By  on May 23, 2007

MONTREAL — If show attendance and waiting lists are any indication, the Canadian economy shows no signs of slowing down.

A growing waiting list has been a concern the past few years for Alice Chee of the Mode Accessories Show, which is celebrating its 20th anniversary this year. The upcoming edition, to be held Aug. 12 to 14 at Toronto's Doubletree International Plaza Hotel, is limited to 230 exhibitors due to a lack of space.

"All the major shows seem to be happening in the same locations at the same time, so I have nowhere to go," she said. "We did a survey in January and 75.7 percent of the 5,000 buyers attending our show also attend the CGTA [Canadian Gift and Tableware Association] gift show, which is held at the same time. It's one of the largest shows in North America, and they take up both the International Plaza and International Center [in Toronto]."

As a result, Chee still has a waiting list almost as long as her current roster of exhibitors and can't do anything to accommodate them.

The January survey also revealed that 74.6 percent of Mode buyers, many of them nonfashion retailers, planned to increase accessories in their product mix, said Chee. She pointed to a recent quote in WWD by Barbara Atkins, fashion director of Holt Renfrew, who said, "Accessories are the new wardrobe; ready-to-wear is the new accessory."

With more than 1 million square feet of exhibition space and 1,100 exhibitors, the CGTA show — which takes place Aug. 12 to 15 — is the largest trade show in Canada. Like Mode Accessories, CGTA has a waiting list of more than 300 applicants, some of whom will be accommodated at the January 2008 show, when the Congress Center expands its facilities by 30 percent.

"We're expecting about 23,000 buyers in August, approximately 20 percent of them from the U.S. and Europe," said show manager Karen Bassels. "We compete with Mode Accessories, because many of our exhibitors carry fashion accessories. But we're friends more than competitors, as our venues are close to each other and many buyers shop both shows."In a response to exhibitors and buyers, FashionNorth, Canada's only national apparel trade show, will combine its men's wear and women's wear shows Aug. 17 to 19 at the International Center, next door to Toronto's Pearson International Airport.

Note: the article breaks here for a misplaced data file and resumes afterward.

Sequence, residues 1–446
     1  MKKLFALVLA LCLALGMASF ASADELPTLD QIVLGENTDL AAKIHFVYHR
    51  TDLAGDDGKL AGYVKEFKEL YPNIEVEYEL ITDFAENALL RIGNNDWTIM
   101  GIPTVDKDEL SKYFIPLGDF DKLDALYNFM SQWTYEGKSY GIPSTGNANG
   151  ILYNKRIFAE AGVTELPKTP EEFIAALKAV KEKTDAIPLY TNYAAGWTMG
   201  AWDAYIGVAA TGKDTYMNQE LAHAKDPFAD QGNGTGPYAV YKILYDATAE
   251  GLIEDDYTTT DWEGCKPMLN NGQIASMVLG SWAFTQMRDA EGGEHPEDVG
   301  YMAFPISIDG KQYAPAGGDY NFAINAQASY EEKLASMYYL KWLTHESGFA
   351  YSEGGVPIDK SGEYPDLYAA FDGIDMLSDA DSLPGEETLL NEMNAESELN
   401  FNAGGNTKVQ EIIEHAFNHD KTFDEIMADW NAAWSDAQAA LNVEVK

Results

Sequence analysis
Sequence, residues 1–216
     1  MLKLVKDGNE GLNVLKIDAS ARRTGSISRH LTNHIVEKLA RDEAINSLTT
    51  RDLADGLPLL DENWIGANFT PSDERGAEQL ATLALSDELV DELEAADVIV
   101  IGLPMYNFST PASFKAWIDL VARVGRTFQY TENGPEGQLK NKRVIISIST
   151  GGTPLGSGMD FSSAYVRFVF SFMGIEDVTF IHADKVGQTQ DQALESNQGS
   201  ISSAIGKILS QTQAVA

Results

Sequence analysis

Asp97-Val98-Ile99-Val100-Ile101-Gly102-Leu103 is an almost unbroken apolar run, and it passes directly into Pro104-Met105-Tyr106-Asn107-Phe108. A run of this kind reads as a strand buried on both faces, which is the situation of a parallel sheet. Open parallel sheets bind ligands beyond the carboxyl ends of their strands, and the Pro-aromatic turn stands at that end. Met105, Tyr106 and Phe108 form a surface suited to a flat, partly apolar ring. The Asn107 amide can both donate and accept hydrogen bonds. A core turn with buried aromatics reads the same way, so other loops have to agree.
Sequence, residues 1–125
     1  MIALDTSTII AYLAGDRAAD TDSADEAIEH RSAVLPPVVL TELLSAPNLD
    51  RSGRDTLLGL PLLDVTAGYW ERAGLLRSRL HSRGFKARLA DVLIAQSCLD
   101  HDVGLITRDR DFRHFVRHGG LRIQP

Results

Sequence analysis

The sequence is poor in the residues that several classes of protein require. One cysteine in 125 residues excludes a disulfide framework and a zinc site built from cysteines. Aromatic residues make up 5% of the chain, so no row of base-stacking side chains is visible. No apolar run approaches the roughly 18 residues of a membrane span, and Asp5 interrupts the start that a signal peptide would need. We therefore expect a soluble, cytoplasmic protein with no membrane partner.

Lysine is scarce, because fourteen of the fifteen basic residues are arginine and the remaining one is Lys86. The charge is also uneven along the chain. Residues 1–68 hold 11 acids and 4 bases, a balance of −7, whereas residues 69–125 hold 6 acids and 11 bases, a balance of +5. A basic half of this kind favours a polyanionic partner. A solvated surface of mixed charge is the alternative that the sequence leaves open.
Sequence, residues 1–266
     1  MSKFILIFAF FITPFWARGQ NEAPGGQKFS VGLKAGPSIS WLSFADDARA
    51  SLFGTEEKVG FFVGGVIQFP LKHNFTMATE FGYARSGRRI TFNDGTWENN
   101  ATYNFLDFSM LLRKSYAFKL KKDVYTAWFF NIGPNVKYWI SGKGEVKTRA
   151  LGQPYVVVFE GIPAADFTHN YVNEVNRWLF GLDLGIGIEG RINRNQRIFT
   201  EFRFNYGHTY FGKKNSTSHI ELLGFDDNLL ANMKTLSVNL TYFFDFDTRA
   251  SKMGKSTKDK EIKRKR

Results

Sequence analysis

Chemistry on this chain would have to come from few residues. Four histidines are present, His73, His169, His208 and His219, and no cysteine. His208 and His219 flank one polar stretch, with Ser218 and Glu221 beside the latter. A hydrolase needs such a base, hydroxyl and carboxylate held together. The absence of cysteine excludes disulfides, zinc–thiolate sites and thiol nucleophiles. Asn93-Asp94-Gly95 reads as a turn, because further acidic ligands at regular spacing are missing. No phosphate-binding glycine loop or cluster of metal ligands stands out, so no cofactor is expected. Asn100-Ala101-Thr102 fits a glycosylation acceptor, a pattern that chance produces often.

Show organizer Meteor Show Productions would like to do the same for its fall-winter edition in February, but can't book the required space.

"Most of our exhibitors carry both men's and women's, so they were really pushing for a combined show," said Ralph Weil of MSP. "We could book the large hall in August, but it's not available in February, so we'll be back to two separate shows next winter."

The large hall is 120,000 square feet, compared with 80,000 square feet for the hall used in the separate shows. FashionNorth is on the waiting list for the bigger venue and would like to combine the two shows in February as long as it doesn't conflict with the MAGIC Marketplace in Las Vegas.

Although it is still early to predict numbers, Weil is anticipating between 150 and 200 exhibitors in August, a 50 percent increase over the men's wear show last year. "The trick now is to find a keynote speaker that is relevant to both buying groups," Weil said.

Montreal Fashion Week will be held Oct. 9 to 12, and features Canadian designers including Bodybag by Jude, Dinh Ba Design, Envers par Yves Jean Lacasse, Marie Saint Pierre and Rudsack Collection outerwear.

The knock against MFW is that it keeps changing venues and too many shows are off-site, forcing the media to run from one part of the city to another.

"It's true, we keep changing sites, but that's because we keep growing," said Chantale Durivage, co-president of Sensation Mode, which organizes MFW. "We're not sure where we'll be in October. And all but one designer had their shows in the main venue, and we hope that will continue."

Durivage bristles at the suggestion MFW is a minor player compared to Toronto's L'Oréal Fashion Week, which boasts close to 100 designers and more media coverage.

"Some Toronto designers have two pieces in their collection, which inflates the numbers. We get about 600 people at each runway show and the majority are from the media and buyers, including a record 20 buyers from the U.S. and Europe, so it's very business-oriented. And we had over 30 million media impressions."LFW, taking place Oct. 15 to 20 at a not yet determined venue, seems to be growing at the expense of MFW, with the former consistently featuring more designers, attracting larger crowds and more media.

"Our attendance is very consistent," said Robin Kay, president of the Fashion Design Council of Canada, which organizes LFW. "We're now seeing upward of 14,000 people attending throughout the week, including 300 to 450 from the media, generating 105.5 million media impressions, all verified by Bowdens Media Group. We feature about 100 designers during the week at runway shows, private shows and off-site events."

Top Canadian designers at LFW include Paul Hardy, Arthur Mendonça, Izzy Cammilleri, David Dixon, Denis Gagnon, Mackage, Renata Morales, Pink Tartan and Andy Thê-Anh.

Kay plans to crank up a national marketing campaign in July to promote LFW to a larger audience, and said sponsors will be more involved.

LFW is also bursting at the seams and desperately needs a bigger venue.

"The Liberty Grand comfortably seats 700, but we could accommodate 1,200 people and the site isn't big enough for that. Unfortunately there's nothing else around that I would use, but we'll probably move to another site that I haven't yet decided upon," said Kay.

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